n→+∞

ν(En ) = 0.

If we define E as the union of the En , clearly ν(E) = 0 (since ν is σsubadditive), and µ(E) = α (since µ(E) ≥ µ(En ) for every n). Define now µ1 = µ E, µ0 = µ − µ1 .

28

LUIGI ORSINA

Clearly, µ1 ⊥ ν (since ν(E) = 0, and since µ1 is concentrated on E by definition). On the other hand, if ν(B) = 0, then µ0 (B) = 0; and indeed, if it were µ0 (B) > 0 for some B 6= E, then 0 < µ0 (B) = µ(B) − µ(B ∩ E) = µ(B \ E), so that B ∪ E will be such that ν(B ∪ E) = 0, and µ(B ∪ E) = µ(E) + µ(B \ E) = α + µ(B \ E) > α, thus contradicting the definition of α. As for uniqueness, if µ = µ0 + µ1 = µ00 + µ01 , then µ0 − µ00 = µ01 − µ1 . If ν(B) = 0, we will have (µ1 − µ01 )(B) = 0. Since µ1 − µ01 is also orthogonal with respect to ν, this implies that (µ1 − µ01 )(E) = 0 for every Borel set E, so that µ1 = µ01 , hence µ0 = µ00 . If the measure µ has a sign, it is enough to apply the result to µ+ and µ− . Examples of bounded Radon measures are the Lebesgue measure LN concentrated on a bounded set of RN , or the measure defined by ( 1 if x0 ∈ E, δx0 (E) = 0 if x0 6∈ E, which is called the Dirac’s delta concentrated at x0 . We clearly have δx0 ⊥ LN . Another example of Radon measure is the measure defined by Z f (x) dx,

µ(E) = E

with f a function in L1 (Ω). In this case µ << LN , and Z Z ± ± µ (E) = f (x) dx, |µ|(E) = |f (x)| dx. E

E

1

Therefore, L (Ω) ⊂ M(Ω). For sequences of measures, we have two notions of convergence: the weak∗ : Z Z ϕ dµn → ϕ dµ, ∀ϕ ∈ C00 (Ω), Ω

Ω

and the narrow convergence: Z Z ϕ dµn → ϕ dµ, Ω

∀ϕ ∈ Cb0 (Ω).

Ω

For positive measures, narrow convergence is equivalent to weak∗ convergence and convergence of the “masses” (i.e., µn (Ω) converges to µ(Ω)). If xn is a sequence in Ω which converges to a point x0 on ∂Ω, then δxn converges to zero for the weak∗ convergence (since the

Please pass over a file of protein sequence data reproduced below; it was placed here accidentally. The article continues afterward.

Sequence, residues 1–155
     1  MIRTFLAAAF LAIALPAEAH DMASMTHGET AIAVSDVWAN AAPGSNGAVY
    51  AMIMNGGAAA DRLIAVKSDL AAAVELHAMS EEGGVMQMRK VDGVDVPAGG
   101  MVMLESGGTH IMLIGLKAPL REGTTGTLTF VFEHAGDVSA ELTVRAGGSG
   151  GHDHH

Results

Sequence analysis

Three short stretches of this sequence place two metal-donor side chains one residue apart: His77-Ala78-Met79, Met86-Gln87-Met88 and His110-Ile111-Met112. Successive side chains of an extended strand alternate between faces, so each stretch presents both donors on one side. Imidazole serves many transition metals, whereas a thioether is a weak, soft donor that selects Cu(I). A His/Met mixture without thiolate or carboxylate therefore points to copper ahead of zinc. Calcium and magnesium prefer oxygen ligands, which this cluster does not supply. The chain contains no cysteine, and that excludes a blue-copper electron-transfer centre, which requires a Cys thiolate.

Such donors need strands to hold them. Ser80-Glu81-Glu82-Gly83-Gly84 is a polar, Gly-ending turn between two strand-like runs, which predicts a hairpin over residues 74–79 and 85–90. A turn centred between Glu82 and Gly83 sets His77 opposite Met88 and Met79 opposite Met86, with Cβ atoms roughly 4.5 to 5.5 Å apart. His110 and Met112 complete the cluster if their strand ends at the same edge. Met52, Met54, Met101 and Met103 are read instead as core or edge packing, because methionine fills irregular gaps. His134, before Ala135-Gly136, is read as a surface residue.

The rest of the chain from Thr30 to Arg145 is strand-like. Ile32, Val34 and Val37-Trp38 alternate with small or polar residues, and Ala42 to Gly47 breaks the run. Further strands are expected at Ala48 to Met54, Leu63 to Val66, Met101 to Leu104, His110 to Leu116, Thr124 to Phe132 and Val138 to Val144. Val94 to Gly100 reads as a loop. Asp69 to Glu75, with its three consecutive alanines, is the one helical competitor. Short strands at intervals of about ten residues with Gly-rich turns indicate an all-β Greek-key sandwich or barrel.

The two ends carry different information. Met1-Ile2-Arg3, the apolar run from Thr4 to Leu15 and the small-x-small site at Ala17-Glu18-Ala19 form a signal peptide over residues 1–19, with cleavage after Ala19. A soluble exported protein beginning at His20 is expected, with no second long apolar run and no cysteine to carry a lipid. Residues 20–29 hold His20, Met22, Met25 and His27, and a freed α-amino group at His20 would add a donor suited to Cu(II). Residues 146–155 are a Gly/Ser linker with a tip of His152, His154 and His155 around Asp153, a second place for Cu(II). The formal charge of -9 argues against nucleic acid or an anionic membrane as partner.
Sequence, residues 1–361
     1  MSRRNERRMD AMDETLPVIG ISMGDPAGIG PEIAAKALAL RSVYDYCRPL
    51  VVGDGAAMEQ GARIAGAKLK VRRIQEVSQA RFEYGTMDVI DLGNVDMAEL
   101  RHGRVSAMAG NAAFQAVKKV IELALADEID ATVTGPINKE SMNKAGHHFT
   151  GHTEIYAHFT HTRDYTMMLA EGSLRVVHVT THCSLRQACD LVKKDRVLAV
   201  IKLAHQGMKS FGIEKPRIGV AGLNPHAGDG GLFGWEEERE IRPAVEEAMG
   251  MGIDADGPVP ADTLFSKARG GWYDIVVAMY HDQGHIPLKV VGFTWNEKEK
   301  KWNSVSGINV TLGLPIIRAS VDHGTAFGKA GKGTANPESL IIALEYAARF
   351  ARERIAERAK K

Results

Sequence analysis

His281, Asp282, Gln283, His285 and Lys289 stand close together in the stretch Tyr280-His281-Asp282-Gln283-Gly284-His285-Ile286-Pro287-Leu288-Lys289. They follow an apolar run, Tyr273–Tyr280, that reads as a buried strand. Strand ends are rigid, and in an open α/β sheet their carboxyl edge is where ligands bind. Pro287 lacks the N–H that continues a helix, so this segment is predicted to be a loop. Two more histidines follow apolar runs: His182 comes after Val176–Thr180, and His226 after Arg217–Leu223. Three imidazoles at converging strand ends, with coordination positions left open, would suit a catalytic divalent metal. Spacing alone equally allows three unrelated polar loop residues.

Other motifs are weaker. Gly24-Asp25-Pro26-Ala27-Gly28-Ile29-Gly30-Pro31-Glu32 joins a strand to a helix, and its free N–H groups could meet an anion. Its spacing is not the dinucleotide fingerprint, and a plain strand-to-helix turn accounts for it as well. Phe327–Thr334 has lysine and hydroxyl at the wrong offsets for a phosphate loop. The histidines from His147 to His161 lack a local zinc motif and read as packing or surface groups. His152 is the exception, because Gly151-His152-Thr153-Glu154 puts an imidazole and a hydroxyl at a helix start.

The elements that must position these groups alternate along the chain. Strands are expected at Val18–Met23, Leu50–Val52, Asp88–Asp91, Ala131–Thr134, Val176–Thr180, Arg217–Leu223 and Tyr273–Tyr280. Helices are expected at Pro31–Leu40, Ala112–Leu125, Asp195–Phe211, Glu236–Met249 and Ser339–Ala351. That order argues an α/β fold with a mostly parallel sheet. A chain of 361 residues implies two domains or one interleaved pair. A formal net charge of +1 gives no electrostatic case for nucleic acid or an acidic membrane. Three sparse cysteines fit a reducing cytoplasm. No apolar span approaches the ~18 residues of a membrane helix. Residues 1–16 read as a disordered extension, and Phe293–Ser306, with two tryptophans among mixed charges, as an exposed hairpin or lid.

ELLIPTIC EQUATIONS

29

measure δx0 is indeed the zero measure in Ω), but not for the narrow convergence. Measures can be approximated (in either convergence) by sequences of bounded functions. Before dealing with existence results for elliptic equations with measure data, we will begin with a particular case. 3.2. Duality solutions for L1 data. Let f and g be two functions in L∞ (Ω), and let u and v be the solutions of ( ( −div(A∗ (x) ∇v) = g in Ω, −div(A(x) ∇u) = f in Ω, v=0 on ∂Ω. u=0 on ∂Ω, where A∗ is the transposed matrix of A (note that A∗ satisfies (1.8) with the same constants as A). Since both u and v belong to H01 (Ω), u can be chosen as test function in the formulation of weak solution for v, and vice versa. One obtains Z Z Z Z ∗ ug = A (x)∇v · ∇u = A(x)∇u · ∇v = f v. Ω

Ω

Ω

Ω

In other words, one has Z

Z

f v,

ug = Ω

Ω

for every f and g in L∞ (Ω), where u and v solve the corresponding problems with data f and g respectively. Clearly, both u and v belong to L∞ (Ω) by Theorem 2.3, but we remark that the two integrals are well-defined also if f only belongs to L1 (Ω), and u only belongs to L1 (Ω) (always maintaining the assumption that g — and so v — is a bounded function). This fact inspired to Guido Stampacchia the following definition of solution for (1.9) if the datum is in L1 (Ω). Definition 3.2. Let f belong to L1 (Ω). A function u in L1 (Ω) is a duality solution of (1.8) with datum f if one has Z Z ug = f v, Ω

Ω

∞

for every g in L (Ω), where v is the solution of ( −div(A∗ (x) ∇v) = g in Ω, v=0 on ∂Ω. Theorem 3.3 (Stampacchia). Let f belong to L1 (Ω). Then there exists a unique duality solution of (1.8) with datum f . Furthermore, u belongs to Lq (Ω), for every q < NN−2 .

30

LUIGI ORSINA

Proof. Let p >

N 2

and define the linear functional T : Lp (Ω) → R by Z hT, gi = f v. Ω

By Theorem 2.3, the functional is well-defined; furthermore, since (2.18) holds, there exists C > 0 such that Z |hT, gi| ≤ |f | |v| ≤ kf kL1 (Ω) kvkL∞ (Ω) ≤ C kf kL1 (Ω) kgkLp (Ω) , Ω

so that T is continuous on Lp (Ω). By Riesz representation Theorem 0 for Lp spaces, there exists a unique function up in Lp (Ω) such that Z hT, gi = up g, ∀g ∈ Lp (Ω). Ω ∞

p

Since L (Ω) ⊂ L (Ω), we have Z Z up g = hT, gi = f v, Ω

∀g ∈ L∞ (Ω),

Ω

so that up is a duality solution of (1.9), as desired. We claim that up does not depend on p; indeed, if for example p > q > N2 , we have Z Z Z up g = fv= uq g, ∀g ∈ L∞ (Ω), Ω

Ω

Ω